Bragodi, a medieval Welsh word denoting the mingling of flats and naturals to create the scales and modes of medieval Welsh music. Bragod was a drink of mingled liquids e.g. ale and mead or the wine and water of the sacrament.
Bragod is a musical collaboration between Welsh instrumentalist Robert Evans and a Trinidadian singer Mary-Anne Roberts. They are unique in interpreting Welsh music and poetry from the 6th century to the 19th century, using original instruments and sources. They play the strummed, six-stringed lyre of North-Western Europe and the crwth, a six-stringed bowed lyre, esteemed in Wales for 800 years.
In their vital performances they dance the formal structures of the music, singing Welsh poetry ranging from stanzas of the Gododdin (6th century) to ritual and popular songs of the 18th and 19th century. Bragod also makes settings of modern poems. They play and sing in Pythagorean tuning.
The duo’s key to Welsh medieval music is the Robert ap Huw Manuscript. Robert Evans is responsible for the revival of the crwth as a viable historical instrument. Mary-Anne Roberts has evolved a striking voice production which combines with the close harmonies and the buzzing tone of the crwth. They have given recitals and lecture/recitals at concert venues and academic conferences in Wales and internationally, and are often called upon to provide ritual music by their local community. Bragod has presented material to infants, school children, and formally, to university students. They have been featured on Welsh television and radio stations and the BBC World Service.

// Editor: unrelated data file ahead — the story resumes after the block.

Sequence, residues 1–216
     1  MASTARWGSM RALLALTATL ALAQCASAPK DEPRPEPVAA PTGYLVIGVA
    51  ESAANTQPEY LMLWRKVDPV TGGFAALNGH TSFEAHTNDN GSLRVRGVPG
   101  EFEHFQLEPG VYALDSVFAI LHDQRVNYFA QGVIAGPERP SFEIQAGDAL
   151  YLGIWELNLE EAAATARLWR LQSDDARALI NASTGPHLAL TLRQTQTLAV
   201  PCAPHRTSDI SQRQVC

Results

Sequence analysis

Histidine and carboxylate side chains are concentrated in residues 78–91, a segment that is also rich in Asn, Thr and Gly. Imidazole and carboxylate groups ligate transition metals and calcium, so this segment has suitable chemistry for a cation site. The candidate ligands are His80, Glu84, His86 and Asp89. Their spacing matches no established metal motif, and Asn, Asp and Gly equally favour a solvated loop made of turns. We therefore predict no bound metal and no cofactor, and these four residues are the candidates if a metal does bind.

Their first CD – ‘Bragod’ (2001) the first CD of Welsh crwth music, and their later CD – ‘Kaingk’ (2004), are played regularly on Late Junction, BBC Radio 3 and Radio Tre Italia. They have made live broadcasts on BBC Radio 3. Their second CD – ‘Kaingk’ has two discs, video on two tracks and a lavish booklet and may be bought by clicking on this link.